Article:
Okay, so this is going sound very mundane to some of you and it’s probably rather so that I even have to bring it up. But the unfortunate thing is that many people’s titles don’t reflect what their company does or what they do on their resume. Just because you know what your company does doesn’t mean that other people do. I can’t tell you the number of resumes I get with the names of the companies that the person has worked for with absolutely no explanation at all of what the company’s business is. And regarding position titles, one company’s VP of sales is another company’s sales person. Another company’s director is another company’s board member.
Why are these important? Well, I keep having to remind people that your resume is not really “read.” Your resume is scanned… this is especially true if it’s read on the screen. Psychologists tell us that when people “read” things on a computer screen, their eyes go to the middle of the page moved to the left margin and then go up then they scan down the page. They pick out words… names of companies, titles, etc. If They don’t recognize them and they are not explained, is just as easy for the reader of the resume to move on to the other 179 resumes(The average number of resumes that are received for each job posted is 180).
On top of this, 60% of the people that have initially look at your resume don’t have any real idea of what the job is you are applying for. Much of the time “screeners” in the HR department or even some administrative person in another department will be told to, “review those resumes and bring to me the ones that ‘look’ to have the kind of experience we are looking for.” Some of these resume screeners know what they’re looking for and some don’t. In most companies, they don’t. They are told to look for certain keywords or attributes or experience that they have no real understanding of. The interviewing or hiring authorities who instructed them to perform this function have no idea what kind of resumes these screeners will pass up. (The way that I know this is, I can’t tell you the number of people we have actually placed with companies whose resume was sent to the company by the candidate or by another recruiter and passed over until we got them the interview.)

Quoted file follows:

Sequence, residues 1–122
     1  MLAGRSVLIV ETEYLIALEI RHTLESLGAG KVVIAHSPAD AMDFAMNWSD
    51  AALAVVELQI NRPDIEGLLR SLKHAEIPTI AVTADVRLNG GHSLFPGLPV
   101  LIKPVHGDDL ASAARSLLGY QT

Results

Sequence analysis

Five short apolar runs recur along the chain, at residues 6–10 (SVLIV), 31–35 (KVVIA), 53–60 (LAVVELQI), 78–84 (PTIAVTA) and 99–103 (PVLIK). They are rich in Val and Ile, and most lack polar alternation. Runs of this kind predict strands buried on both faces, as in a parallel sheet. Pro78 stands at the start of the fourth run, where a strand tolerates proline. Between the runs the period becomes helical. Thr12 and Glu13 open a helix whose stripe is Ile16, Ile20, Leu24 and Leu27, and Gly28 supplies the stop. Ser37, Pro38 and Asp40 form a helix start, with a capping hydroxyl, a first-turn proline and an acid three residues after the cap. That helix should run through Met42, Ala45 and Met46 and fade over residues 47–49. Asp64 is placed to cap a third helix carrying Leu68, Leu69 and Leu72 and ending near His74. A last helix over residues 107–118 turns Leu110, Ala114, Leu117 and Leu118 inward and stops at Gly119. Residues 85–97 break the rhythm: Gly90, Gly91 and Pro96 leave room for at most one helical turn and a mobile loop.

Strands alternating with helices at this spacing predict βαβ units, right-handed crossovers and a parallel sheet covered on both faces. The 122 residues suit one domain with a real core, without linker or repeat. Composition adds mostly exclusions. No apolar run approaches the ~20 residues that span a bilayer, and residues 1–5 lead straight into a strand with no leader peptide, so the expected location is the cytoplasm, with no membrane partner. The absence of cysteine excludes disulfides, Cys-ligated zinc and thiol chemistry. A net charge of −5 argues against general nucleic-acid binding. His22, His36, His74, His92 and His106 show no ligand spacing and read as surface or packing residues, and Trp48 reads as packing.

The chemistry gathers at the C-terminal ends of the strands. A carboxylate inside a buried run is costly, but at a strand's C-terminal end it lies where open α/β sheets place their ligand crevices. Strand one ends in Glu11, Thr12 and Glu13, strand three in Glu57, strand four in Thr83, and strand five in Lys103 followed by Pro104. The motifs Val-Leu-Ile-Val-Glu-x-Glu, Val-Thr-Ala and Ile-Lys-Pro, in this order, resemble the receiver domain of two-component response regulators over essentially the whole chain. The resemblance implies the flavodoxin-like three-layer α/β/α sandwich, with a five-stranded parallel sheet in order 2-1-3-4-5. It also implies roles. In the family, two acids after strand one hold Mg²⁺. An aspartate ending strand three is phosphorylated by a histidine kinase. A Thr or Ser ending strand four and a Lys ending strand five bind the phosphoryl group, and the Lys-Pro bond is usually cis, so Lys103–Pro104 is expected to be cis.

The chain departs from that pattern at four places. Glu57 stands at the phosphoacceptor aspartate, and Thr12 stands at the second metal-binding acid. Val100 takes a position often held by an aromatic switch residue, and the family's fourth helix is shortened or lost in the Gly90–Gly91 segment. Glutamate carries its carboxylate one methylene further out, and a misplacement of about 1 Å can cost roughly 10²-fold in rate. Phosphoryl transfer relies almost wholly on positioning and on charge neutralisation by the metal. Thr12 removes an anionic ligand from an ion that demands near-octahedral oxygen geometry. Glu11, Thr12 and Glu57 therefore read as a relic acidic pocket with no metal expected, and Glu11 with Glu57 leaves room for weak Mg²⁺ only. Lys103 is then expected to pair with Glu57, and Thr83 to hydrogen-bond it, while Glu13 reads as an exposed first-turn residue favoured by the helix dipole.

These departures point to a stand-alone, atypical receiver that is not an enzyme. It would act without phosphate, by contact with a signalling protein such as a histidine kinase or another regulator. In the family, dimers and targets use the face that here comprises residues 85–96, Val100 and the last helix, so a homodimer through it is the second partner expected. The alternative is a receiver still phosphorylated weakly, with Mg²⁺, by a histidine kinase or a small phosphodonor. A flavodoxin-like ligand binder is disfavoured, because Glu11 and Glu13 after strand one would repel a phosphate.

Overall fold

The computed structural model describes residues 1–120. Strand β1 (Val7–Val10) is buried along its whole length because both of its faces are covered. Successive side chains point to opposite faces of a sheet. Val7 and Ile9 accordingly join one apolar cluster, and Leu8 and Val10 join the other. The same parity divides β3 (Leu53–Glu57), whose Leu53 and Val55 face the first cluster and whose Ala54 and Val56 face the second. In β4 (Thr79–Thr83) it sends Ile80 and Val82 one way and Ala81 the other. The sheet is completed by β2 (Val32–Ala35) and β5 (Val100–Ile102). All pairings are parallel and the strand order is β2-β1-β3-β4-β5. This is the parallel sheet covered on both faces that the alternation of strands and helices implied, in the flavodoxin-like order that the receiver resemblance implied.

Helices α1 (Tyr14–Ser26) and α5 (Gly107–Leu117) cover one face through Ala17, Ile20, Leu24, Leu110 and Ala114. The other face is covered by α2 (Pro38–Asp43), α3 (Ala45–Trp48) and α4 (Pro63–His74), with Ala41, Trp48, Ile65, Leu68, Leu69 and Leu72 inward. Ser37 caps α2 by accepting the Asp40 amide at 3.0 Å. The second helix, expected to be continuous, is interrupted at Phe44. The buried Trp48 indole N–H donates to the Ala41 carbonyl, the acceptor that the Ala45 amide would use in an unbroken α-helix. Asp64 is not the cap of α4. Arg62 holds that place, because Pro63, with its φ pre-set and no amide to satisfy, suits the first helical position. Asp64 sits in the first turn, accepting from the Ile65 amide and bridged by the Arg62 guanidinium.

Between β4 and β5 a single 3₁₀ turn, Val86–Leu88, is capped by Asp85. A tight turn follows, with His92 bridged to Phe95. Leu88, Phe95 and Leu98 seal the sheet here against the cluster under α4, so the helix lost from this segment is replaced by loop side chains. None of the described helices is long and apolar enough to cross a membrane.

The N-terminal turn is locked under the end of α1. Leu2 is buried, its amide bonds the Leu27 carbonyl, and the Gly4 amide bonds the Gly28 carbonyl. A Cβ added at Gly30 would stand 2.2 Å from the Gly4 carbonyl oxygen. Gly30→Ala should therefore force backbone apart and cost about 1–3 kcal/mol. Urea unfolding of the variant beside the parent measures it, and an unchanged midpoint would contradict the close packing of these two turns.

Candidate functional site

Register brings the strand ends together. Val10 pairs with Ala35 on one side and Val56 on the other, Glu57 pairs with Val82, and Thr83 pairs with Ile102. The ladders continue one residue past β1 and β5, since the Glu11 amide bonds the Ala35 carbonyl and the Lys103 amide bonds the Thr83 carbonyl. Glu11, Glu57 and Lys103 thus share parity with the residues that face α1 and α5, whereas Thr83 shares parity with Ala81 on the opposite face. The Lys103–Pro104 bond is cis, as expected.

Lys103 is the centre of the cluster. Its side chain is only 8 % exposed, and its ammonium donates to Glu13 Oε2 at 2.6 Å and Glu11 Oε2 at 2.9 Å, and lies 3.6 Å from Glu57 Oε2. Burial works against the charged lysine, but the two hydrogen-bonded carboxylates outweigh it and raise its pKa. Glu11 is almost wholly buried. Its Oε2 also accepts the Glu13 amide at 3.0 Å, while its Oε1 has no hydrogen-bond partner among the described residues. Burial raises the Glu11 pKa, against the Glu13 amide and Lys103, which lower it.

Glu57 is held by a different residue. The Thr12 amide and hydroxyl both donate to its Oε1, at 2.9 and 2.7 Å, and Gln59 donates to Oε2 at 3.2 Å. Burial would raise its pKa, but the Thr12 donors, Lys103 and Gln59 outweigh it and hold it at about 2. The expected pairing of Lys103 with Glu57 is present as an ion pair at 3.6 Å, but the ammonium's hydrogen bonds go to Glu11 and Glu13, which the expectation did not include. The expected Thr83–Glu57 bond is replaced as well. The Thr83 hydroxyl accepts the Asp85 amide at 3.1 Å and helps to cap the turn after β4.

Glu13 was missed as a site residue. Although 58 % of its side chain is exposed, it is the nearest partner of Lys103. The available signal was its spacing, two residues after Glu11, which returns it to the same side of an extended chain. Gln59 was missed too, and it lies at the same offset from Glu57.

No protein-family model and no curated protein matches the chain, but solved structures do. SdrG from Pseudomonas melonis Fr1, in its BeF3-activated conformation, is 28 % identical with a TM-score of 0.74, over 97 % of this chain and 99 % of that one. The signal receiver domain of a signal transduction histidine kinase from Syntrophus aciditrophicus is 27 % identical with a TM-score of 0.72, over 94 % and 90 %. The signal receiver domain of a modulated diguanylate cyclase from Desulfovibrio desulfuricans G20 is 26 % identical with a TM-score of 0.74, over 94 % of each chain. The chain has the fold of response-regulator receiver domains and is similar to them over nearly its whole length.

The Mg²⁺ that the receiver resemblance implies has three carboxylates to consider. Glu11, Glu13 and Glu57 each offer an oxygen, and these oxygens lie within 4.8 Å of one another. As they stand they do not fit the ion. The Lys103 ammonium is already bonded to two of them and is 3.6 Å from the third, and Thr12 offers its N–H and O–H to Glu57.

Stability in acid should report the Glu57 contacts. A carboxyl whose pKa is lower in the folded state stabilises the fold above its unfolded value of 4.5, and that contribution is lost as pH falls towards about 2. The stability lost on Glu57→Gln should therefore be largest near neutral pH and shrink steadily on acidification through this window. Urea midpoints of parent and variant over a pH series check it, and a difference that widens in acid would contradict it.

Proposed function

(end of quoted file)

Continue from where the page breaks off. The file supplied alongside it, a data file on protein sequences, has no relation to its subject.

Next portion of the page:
So, make sure that right next to the name of the company you’re working for you give a short simple explanation of exactly what they do. Don’t assume that other people know what your company does. Explain it to them. If you work for a big company that has hordes of departments and hordes of people, right after the name of the company identify the division or the department that you work for and what that division or Department sspecifically does. And, be sure to do that in terms most anyone can understand.
Regarding your title, even if your company gives you some kind of cockamamie title like “#1 Customer Experience Advocate” and your job is customer service, change your title to “Customer Service.” If your title is “Vice President of the Western World” but the function of your job is sales, change your title to “Sales.” I know this sounds a bit facetious, but people who read resumes, or should I say, scan resumes will look at a title and make a judgment about what you do and if it isn’t really clear what your function is by your title, they may pass you over without even thinking about it or reading what you do.
I happen to place sales in all level of sales managers in high tech. I’ve interviewed numbers of sales people whose title was “account manager.” An account manager to most people means that the person is simply “managing” an account. It communicates that the person is a “Farmer” rather than a “Hunter.” So, even if the candidate was the most aggressive, straight commission salesperson that ever existed, it is likely that his or her resume wouldn’t get read.
So, make it really clear on your resume what your company does and what you do or have done in the company. Make sure that someone totally unfamiliar with any of these things could read your resume and understand everything they need to know about you.